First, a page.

In the late 1940s when Jerry Melland was 11 years old, a neighbor stopped by to ask his dad a question.
“The neighbor was moving away and this Model A was sitting on the place and he had to get it off,” Melland said. “He come down and asked Dad if he could give me that Model A, so we went and got it.”
The 1930 Model A Ford two-door that he obtained at the time was only the beginning. Collecting them turned into a lifelong passion for Melland, now 83.
“I’ve had that one for 10 or 11 years,” Melland said, gesturing over to the Model A sitting on his front lawn.
The vehicle was situated where it was for a private photo shoot — or so he thought. In reality, it was a setup for a surprise that was coming his way. A few minutes before 11 a.m. on Saturday, Dec. 5, a line of Model A Fords rolled up to his home on College Street.
The drivers were members of the Enduring A’s Model A Ford Club, an organization that numbers 120 strong and is based in Albany but also with members from Philomath, Corvallis, Lebanon, Sweet Home and beyond.
“We’ve even got a couple of members from Canada,” the club’s Martin Harding said. “They don’t make very many meetings.”
Melland, who has been in the Enduring A’s for 22 years, was about to receive a prestigious honor. Harding told him that he had won the Model A Ford Club of America Service Award — a national honor that requires a nomination and is bestowed upon only a handful of individuals.
“Our officers this year were made aware of the service award and we started looking at all of the stuff that Jerry had done for our club,” Harding said. “He’s served as president and other offices and he’s presented programs of a technical nature. Every car you see here probably has his fingerprints on the engine, transmission.”
Melland has also organized and operated a “road worthiness clinic” each spring for several years before the Model A’s begin their touring season.
“He’s been a nationally certified Model A judge for a number of years,” Harding added. “He only has one more step up and he would be essentially a chief judge at a national event. And he’s a nice guy and just is always willing to give advice and help people.”
Melland, who has lived in Philomath most of his life, can tell you pretty much anything you’d want to know about a Model A, which were built by Ford from 1928-31.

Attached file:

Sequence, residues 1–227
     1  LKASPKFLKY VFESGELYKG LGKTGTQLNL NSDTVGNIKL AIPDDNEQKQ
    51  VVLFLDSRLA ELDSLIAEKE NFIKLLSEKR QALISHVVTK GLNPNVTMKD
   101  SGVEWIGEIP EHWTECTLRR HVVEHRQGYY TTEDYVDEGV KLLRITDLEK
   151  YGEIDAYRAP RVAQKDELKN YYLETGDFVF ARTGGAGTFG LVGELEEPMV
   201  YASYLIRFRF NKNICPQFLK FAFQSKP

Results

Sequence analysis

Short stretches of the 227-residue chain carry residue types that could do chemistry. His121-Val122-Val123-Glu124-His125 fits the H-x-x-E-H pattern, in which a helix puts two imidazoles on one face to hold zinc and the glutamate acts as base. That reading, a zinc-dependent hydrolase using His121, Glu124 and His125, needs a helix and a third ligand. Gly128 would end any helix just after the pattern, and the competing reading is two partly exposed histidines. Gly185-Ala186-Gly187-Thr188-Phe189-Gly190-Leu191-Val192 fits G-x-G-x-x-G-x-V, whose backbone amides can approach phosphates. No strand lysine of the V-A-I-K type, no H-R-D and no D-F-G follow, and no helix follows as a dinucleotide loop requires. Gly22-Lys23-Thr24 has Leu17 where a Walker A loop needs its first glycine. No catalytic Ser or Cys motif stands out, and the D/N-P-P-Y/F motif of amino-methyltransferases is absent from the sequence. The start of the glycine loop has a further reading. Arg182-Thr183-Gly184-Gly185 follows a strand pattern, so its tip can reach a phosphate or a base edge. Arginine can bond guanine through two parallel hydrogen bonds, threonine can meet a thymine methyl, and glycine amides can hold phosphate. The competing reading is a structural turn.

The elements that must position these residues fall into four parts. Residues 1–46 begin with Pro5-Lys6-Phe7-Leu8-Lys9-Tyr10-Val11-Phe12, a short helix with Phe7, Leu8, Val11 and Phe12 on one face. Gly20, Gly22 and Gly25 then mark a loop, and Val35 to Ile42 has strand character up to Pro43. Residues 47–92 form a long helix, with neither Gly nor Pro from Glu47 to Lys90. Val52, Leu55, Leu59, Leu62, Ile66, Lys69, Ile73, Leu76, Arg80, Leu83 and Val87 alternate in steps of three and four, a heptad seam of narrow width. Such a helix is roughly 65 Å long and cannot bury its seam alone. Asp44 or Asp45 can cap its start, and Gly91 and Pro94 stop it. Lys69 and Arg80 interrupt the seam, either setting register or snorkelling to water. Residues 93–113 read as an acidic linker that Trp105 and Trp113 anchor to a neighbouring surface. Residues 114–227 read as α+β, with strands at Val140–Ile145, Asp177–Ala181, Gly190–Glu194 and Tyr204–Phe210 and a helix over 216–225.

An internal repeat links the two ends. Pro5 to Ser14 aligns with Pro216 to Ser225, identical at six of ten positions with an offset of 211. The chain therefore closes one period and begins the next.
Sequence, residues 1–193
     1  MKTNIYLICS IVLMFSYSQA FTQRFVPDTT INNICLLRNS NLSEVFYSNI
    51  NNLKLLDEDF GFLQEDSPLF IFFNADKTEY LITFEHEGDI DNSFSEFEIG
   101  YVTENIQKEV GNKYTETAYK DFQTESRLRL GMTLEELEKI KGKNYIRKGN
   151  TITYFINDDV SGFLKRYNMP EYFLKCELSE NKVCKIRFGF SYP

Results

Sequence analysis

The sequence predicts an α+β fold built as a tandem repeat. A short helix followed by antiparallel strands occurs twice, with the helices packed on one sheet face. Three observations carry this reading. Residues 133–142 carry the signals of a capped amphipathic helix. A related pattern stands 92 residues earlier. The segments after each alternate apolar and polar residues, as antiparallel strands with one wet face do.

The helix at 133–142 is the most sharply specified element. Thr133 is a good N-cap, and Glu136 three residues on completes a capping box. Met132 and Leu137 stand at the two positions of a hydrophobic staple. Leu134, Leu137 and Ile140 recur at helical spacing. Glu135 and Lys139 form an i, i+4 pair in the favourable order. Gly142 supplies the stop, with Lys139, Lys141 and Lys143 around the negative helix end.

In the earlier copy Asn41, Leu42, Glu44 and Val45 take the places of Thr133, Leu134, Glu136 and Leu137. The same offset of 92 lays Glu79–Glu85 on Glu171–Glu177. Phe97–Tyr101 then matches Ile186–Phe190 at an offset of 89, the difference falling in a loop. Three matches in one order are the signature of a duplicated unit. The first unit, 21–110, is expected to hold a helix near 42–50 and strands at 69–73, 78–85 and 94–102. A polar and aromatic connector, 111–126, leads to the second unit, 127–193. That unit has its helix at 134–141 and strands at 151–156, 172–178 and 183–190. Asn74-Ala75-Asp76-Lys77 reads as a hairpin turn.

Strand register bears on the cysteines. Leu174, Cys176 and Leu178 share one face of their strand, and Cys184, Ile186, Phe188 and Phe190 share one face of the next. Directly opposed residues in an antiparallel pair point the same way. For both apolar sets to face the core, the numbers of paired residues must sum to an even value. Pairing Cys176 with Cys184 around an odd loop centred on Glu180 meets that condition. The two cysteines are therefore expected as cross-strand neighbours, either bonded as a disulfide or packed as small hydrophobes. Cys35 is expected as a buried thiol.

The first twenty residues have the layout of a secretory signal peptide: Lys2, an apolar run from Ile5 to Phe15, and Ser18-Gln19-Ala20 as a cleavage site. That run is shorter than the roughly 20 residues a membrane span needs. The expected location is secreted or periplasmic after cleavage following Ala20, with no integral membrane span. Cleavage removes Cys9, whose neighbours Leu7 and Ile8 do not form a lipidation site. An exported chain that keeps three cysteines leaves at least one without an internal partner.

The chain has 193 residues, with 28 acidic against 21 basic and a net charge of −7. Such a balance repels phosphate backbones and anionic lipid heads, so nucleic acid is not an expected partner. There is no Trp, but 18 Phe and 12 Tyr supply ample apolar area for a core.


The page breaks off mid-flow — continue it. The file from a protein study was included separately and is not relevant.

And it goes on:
“Like I’ve told the guys in the club, ask me anything you want to about them and I’ll tell you whatever I know,” he said, “but you’d better do it while I’m still alive because it’s going with me.”
Melland’s reaction to the national honor?
“It’s a big surprise,” he said. “I had never even thought of anything like that.”
Harding said he believes that the Model A Ford Club of America’s magazine, “The Restorer,” plans to publish the names of all winners in its January edition.
Although Melland loves the Model A’s, he actually didn’t own one for several years while he owned his own business.
“I had an auto repair shop all my life and I wouldn’t work on these cars, I wouldn’t let them in there, they’re hobby cars,” he said. “But after we got rid of it, then I started collecting Model A’s again. Right now, I’m down to one … I’ve had four.”
The Enduring A’s club members gathered on Melland’s lawn for a short award presentation with most wearing masks and practicing social distancing. Harding said the organization is a family-friendly group.
“I stress we’re family-oriented and it’s been that way from the very beginning back in 1977,” Harding said. “Everybody in the family’s been welcomed and in my car in particular. It belonged to my dad and I’ve driven it since 1984 and have put about 85,000 miles on it.”
Harding’s daughter won a driving knowledge award for a Model A when she was in high school and he has a couple of grandkids.
“So I’ve got four generations that have fingerprints inside that car,” he said.
Harding said the Enduring A’s are always on the lookout for new members.
“These people in this club, I tell people they’ve got Midwest values,” he said. “I can’t think of anyone in this club that I wouldn’t hand my house keys to and be gone a month and say, ‘there you are, I trust you with what I’ve got.’ We’re basically friendly and we’re just trying to have fun.”
Fun with Fords, friends and food to be precise. Even at Melland’s award presentation, Harding handed over a food item — vanilla ice cream — to the man of the hour.
“I figured Jerry may like the surprise and the certificate, but I knew he’d love the ice cream,” Harding said. “If we are anywhere and you mention ice cream, he kind of perks up and pays a little bit more attention. So we just figured we’d have a little bit of fun.”